Chris can correct me if I'm wrong, but the holes will be there, just like with the mainboard. Just the headers themselves will be missing. That's to avoid confusion since the pin spacing is the same as the Go!Socket.
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#12 Chris Walker

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Posted 20 June 2012 - 12:12 PM

Then again never have always seen "non user serviceable" stickers as a challange not an instruction, blanking plates and debug points are too inviting to leave alone... :D

We love hacking, but we also want to make sure the Netduino Go products look really nice, aesthetically, and that they aren't intimidating to users who are looking for plug-and-play solutions. We figured out how to fit in the JTAG headers aesthetically on the mainboard and Shield Base, but on the small modules they take up a lot of room and feel out of place.

That said, these modules are simple to breadboard...so it's fairly straightforward to pick up the schematics and create your own "module" to test your latest hacks...and then upload them to the production module. We don't expect many users to need to change the code on their SD modules, since it will be running standard IO firmware... But if you want to, awesome :)

Chris can correct me if I'm wrong, but the holes will be there, just like with the mainboard. Just the headers themselves will be missing. That's to avoid confusion since the pin spacing is the same as the Go!Socket.

Uh oh. Me correct Stefan? He's usually always right! The MiniJTAG header is just there for testing and early debugging...those holes will be smooth blank PCB for production units.

Chris

#13 nakchak

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Posted 20 June 2012 - 12:49 PM

That said, these modules are simple to breadboard...so it's fairly straightforward to pick up the schematics and create your own "module" to test your latest hacks...and then upload them to the production module.


Its not so much the SD module i would be planning to hack, but the Ethernet one, which i assume for the same reasons wouldn't feature JTAG.

I guess im impatient (and would love to get more involved) but it would be awesome if Secret Labs published schematics and BoM's like Nwazet do to a Bit Bucket (or similar publicly available) repository, as I for one would be all to happy to breadboard up a module and alpha/beta test pre production hardware. Obviously there are some commercial reasons to not be 100% open, the surprise of the GO! was awesome for example.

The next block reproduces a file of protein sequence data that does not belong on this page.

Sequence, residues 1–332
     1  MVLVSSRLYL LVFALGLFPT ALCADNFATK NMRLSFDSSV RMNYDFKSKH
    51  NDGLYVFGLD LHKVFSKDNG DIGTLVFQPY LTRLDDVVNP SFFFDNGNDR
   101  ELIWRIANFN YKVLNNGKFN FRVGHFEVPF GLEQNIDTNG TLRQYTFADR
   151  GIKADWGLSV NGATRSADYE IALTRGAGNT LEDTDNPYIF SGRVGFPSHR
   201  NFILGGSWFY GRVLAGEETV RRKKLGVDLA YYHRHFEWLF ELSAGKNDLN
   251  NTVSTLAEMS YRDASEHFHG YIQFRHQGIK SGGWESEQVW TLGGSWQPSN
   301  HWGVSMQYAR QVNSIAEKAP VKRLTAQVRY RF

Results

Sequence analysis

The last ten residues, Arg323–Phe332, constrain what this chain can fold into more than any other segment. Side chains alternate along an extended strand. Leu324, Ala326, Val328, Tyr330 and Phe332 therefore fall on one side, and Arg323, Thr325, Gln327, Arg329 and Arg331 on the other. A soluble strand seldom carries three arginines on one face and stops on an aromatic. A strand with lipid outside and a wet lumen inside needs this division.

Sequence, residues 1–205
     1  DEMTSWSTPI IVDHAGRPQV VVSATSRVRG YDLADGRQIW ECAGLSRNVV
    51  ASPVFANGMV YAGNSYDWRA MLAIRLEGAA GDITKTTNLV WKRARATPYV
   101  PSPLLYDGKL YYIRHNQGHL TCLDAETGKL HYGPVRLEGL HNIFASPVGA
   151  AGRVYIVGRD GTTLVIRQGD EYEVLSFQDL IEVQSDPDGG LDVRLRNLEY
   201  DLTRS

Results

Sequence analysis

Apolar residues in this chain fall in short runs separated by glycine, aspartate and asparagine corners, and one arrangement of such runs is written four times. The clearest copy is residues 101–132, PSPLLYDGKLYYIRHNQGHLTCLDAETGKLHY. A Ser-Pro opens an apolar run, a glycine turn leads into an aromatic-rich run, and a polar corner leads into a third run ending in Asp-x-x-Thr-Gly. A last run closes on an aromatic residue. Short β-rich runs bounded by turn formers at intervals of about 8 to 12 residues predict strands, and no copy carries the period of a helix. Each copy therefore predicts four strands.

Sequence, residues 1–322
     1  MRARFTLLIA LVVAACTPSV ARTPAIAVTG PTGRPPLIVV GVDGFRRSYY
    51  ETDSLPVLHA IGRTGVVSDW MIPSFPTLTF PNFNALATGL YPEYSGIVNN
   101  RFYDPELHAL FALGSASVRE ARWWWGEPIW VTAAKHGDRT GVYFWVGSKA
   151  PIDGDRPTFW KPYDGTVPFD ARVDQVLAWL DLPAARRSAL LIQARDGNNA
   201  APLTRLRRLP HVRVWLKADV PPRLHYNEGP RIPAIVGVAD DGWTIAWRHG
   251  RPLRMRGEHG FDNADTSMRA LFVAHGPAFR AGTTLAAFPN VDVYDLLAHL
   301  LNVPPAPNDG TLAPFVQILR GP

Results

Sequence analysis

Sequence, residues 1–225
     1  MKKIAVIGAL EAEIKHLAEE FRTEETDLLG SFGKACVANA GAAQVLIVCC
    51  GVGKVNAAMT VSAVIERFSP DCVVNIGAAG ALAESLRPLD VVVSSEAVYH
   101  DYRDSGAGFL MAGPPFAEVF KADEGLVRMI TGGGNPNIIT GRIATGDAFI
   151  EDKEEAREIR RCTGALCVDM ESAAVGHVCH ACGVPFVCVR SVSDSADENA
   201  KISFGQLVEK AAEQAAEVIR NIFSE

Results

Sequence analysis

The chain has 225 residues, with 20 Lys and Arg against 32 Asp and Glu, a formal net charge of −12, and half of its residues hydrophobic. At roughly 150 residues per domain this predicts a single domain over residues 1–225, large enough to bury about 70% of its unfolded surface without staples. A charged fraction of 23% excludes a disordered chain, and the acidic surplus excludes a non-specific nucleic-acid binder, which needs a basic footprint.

Nak.

#14 Chris Walker

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Posted 20 June 2012 - 03:11 PM

Hi nakchak, We'll be sure to post the schematics and source for each module as they're released. We typically don't publish the schematics to keep confusion to a minimum. But perhaps we can publish the schematics for SD and Ethernet once they pass testing (so you can start playing with it early)? Chris

#15 nakchak

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Posted 20 June 2012 - 04:23 PM

Hi nakchak,

We'll be sure to post the schematics and source for each module as they're released. We typically don't publish the schematics to keep confusion to a minimum. But perhaps we can publish the schematics for SD and Ethernet once they pass testing (so you can start playing with it early)?

Chris


That would be awesome Chris, im sure im not alone in wanting to play with the new toys ;)

#16 neslekkim

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Posted 20 June 2012 - 07:27 PM

We love hacking, but we also want to make sure the Netduino Go products look really nice, aesthetically, and that they aren't intimidating to users who are looking for plug-and-play solutions. We figured out how to fit in the JTAG headers aesthetically on the mainboard and Shield Base, but on the small modules they take up a lot of room and feel out of place.


What would be nice, is if you gave an option to buy with the jtag headers, or sell headers for us to solder on. I have luckily gotten help to order those things, so I'm in the clear, but I would guess there are quite a few hackers around who would have this.
Of course, for the mainstream user, it's ok that they are like its today.
I was guessing that these new ones also had jtag, so today, I think it's on 5 modules?
Pogo-pin adapter, if it's possible with the density could be an nice alternative though.

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#17 beastyboy

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Posted 20 June 2012 - 10:00 PM

Can't wait till I get my hands on those two modules!

#18 iexpress

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Posted 23 June 2012 - 04:26 AM

This is nice, what will be the GB limitation, and can you write to any portion of the sc card without using tables so it would be straight binary data? Thanks

#19 Chris Walker

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Posted 27 June 2012 - 03:09 PM

Hi iexpress,

This is nice, what will be the GB limitation, and can you write to any portion of the sc card without using tables so it would be straight binary data? Thanks

The SD card will use the built-in NETMF SD card (MMC) drivers at launch. All SD cards should work. At a minimum, anything that works with Netduino Plus should work with this module as well (using a MicroSD adapter).

Reads/writes will be through the .NET MF file system classes. If you want to read/write to the SD card directly, you could implement that using SPI and managed code if you wanted...a cool hack.

Chris

#20 Chris Walker

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Posted 01 July 2012 - 02:01 PM

Update... We finished testing the SD card modules on Friday; they're now going into production. :) Chris